In 1981, Moffatt & Nichol opened its first East Coast office in Raleigh, North Carolina, quickly capturing projects up and down the Eastern Seaboard, from New Hampshire to Florida.
A series of massive Pacific Coast storms in the 1990s wreaked havoc on Southern California’s recreational piers leading engineers to rethink pier design. Using wave studies to inform their height, Moffatt & Nichol had designed more than 60 piers on California’s deceptively peaceful coastline.
Moffatt & Nichol’s early work with the North Carolina Department of Transportation established an East Coast transportation practice with solid credentials in roadways, bridges, and bridge hydraulics, leading to work with departments of transportation in Virginia, Florida, and Louisiana.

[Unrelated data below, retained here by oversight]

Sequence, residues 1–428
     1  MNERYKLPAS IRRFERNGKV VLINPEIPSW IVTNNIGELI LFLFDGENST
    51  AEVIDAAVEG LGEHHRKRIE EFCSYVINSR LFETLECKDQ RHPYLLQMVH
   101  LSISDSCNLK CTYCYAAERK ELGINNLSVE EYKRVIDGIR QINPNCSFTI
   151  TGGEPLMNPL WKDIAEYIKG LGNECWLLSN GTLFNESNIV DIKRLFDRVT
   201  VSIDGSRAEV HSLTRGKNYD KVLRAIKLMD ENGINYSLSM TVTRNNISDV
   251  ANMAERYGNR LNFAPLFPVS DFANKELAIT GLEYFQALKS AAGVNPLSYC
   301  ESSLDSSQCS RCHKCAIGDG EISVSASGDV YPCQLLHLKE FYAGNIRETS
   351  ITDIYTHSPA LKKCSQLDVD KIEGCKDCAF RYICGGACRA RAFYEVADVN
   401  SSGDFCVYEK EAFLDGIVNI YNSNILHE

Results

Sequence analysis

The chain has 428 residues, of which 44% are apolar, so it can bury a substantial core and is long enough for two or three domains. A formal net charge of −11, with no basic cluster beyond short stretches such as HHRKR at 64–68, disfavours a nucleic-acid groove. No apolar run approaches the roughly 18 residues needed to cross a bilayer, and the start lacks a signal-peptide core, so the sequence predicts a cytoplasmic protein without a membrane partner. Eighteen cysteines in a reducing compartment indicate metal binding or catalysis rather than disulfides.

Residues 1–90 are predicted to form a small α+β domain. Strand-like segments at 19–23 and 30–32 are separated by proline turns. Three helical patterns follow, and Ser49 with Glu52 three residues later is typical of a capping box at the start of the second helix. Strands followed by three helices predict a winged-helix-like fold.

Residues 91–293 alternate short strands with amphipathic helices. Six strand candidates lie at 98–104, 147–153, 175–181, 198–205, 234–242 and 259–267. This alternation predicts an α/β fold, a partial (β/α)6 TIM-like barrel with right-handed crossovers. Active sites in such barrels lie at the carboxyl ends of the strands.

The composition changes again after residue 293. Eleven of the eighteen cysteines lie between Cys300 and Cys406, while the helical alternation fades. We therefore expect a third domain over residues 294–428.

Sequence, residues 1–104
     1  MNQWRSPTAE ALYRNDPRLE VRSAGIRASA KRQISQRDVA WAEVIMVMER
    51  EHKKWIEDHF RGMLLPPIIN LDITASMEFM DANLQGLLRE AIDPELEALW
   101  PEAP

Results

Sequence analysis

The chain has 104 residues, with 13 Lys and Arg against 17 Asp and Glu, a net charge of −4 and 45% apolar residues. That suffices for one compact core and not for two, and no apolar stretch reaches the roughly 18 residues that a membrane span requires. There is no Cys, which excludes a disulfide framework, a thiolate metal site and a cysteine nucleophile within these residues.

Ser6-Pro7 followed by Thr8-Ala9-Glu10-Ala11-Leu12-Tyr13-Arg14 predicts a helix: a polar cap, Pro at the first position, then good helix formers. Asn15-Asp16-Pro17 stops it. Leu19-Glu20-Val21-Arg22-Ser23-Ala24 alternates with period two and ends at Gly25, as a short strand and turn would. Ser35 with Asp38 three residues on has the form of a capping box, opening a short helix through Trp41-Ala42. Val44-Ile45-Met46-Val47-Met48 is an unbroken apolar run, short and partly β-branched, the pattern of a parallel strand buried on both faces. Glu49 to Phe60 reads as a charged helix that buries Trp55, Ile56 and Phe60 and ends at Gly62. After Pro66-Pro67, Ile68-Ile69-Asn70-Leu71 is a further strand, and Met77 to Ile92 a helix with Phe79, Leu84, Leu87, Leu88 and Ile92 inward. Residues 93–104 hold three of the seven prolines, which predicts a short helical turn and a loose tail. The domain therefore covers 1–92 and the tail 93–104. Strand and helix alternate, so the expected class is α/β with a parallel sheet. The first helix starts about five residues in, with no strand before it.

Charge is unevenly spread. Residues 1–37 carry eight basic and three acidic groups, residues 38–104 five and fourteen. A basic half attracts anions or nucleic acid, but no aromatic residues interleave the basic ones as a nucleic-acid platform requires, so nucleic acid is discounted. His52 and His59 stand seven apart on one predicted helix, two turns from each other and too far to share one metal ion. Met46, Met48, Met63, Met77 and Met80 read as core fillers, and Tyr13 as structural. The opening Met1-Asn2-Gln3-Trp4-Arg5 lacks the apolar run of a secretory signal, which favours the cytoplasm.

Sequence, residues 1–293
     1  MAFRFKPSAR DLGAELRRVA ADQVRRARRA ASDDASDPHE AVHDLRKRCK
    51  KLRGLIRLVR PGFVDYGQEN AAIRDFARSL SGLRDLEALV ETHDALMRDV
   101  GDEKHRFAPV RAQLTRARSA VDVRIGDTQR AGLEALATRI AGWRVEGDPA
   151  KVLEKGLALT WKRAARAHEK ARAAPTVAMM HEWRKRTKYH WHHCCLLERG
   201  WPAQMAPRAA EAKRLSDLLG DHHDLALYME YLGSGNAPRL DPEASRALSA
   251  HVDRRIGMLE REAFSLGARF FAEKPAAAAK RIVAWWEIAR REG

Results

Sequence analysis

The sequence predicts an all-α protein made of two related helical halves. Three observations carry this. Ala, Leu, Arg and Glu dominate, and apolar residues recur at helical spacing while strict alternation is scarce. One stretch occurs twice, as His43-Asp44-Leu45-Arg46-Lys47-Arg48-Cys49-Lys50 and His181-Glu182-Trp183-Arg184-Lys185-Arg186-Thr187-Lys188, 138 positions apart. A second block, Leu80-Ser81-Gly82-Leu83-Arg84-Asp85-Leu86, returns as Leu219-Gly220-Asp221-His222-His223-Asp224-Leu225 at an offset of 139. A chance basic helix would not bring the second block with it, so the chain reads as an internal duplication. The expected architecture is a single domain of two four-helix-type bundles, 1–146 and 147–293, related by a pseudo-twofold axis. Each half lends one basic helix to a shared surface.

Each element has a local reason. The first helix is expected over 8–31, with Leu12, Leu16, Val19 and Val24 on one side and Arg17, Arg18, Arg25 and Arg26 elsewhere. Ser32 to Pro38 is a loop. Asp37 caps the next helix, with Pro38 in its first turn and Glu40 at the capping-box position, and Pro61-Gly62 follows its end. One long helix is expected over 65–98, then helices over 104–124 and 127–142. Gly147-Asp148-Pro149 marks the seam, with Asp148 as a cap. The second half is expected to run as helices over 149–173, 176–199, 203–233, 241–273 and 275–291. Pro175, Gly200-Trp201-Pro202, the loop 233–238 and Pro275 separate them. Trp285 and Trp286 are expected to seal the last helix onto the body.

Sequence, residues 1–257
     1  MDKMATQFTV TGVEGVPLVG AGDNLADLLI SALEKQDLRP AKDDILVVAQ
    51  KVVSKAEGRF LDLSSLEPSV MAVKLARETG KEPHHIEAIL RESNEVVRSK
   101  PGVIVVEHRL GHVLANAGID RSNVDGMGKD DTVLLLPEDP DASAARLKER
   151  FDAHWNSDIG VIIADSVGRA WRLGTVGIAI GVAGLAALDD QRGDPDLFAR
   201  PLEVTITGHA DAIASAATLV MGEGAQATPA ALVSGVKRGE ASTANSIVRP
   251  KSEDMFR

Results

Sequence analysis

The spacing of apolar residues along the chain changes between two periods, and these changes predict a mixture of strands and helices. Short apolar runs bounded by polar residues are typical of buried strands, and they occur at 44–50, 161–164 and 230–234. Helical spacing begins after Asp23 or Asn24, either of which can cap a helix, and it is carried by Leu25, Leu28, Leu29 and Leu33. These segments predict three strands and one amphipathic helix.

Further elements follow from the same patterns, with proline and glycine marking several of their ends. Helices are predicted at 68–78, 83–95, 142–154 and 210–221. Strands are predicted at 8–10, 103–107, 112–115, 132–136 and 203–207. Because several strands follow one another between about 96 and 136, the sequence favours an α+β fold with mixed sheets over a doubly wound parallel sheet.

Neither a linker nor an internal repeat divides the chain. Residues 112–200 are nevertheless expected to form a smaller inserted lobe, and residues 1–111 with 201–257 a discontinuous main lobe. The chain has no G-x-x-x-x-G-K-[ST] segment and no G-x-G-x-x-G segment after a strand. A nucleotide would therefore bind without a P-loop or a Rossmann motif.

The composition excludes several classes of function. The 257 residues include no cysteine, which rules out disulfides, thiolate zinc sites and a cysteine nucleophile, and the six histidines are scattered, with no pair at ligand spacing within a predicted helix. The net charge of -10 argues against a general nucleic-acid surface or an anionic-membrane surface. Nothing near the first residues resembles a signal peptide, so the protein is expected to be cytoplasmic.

Moffatt & Nichol served as program manager from design through construction on the iconic Alameda Corridor.
The firm launched its foray into the Caribbean with the Atlantis Marina project, which would be followed by numerous megayacht and cruise terminal facilities throughout the region.
The firm's energy practice began in 1999 with new offices in Houston, Texas and Seattle, Washington, to support a growing list of clients in the energy industry.
After the Loma Prieta earthquake caused a partial collapse of the San Francisco Bay Bridge, the firm partnered in a joint venture to design the new San Francisco-Oakland Bay Bridge East Span designing the bridge foundations and providing for scour and vessel collision analyses.